Venture capital

Mason, C. (2020) Venture capital. In: Kobayashi, A. (ed.) International Encyclopedia of Human Geography (Second Edition). Elsevier, pp. 155-160. (doi: 10.1016/B978-0-08-102295-5.10153-2)

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Venture capital is a specialist form of professionally managed finance designed to meet the financing needs of emergent firms, particularly in technology sectors, which are pursuing significant growth opportunities and which offer the prospects of high return. The finance is provided on a medium- to long-term basis in exchange for an equity stake. Investors share in the upside, obtaining their return in the form of a capital gain on the value of the shares at a “liquidity event,” but lose their investment if the business fails. Venture capital investors therefore restrict their investments to businesses which have the potential to achieve rapid growth. Very few companies meet these demanding investment criteria. Access to venture capital gives firms advantages that translate into innovation, fast growth, and job creation; hence, they make a disproportionate impact on economic development; however, venture capital investment activity is highly concentrated both globally and within countries in just a few cities and regions around—thus, it plays a significant role in contributing to uneven regional economic development.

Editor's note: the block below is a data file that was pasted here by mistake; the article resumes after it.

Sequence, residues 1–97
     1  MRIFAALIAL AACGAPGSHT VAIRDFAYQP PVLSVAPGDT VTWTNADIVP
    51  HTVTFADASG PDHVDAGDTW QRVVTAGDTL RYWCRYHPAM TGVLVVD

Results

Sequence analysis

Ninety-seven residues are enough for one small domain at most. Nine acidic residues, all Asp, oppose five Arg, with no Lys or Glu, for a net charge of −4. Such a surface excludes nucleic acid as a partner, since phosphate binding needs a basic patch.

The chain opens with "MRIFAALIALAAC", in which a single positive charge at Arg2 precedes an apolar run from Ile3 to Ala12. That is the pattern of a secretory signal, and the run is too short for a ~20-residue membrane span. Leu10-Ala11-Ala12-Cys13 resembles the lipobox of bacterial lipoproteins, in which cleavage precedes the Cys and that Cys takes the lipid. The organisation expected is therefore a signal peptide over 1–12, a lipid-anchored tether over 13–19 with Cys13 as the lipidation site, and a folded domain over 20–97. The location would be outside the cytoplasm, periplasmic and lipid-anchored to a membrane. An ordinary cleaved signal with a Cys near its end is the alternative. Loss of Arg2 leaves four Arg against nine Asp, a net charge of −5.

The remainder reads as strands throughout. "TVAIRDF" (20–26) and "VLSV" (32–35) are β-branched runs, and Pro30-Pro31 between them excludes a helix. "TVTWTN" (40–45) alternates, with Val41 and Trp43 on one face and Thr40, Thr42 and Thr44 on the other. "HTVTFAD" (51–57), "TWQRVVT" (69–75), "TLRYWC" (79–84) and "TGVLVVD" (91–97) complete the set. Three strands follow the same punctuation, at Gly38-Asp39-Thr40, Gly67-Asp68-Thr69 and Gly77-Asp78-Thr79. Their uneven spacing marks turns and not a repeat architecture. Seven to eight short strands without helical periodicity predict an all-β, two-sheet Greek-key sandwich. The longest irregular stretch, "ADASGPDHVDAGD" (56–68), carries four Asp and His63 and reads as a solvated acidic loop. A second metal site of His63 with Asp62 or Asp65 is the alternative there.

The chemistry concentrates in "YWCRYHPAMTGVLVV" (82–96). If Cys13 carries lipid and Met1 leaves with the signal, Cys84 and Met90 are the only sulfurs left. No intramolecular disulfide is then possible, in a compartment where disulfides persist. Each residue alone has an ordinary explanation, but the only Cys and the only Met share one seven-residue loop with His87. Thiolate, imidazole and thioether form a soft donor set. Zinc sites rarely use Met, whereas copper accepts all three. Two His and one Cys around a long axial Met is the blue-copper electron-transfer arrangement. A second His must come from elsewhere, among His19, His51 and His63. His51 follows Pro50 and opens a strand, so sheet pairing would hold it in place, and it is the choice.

Item Type:Book Sections
Glasgow Author(s) Enlighten ID:Mason, Professor Colin
Authors: Mason, C.
College/School:College of Social Sciences > Adam Smith Business School > Management
Published Online:04 December 2019

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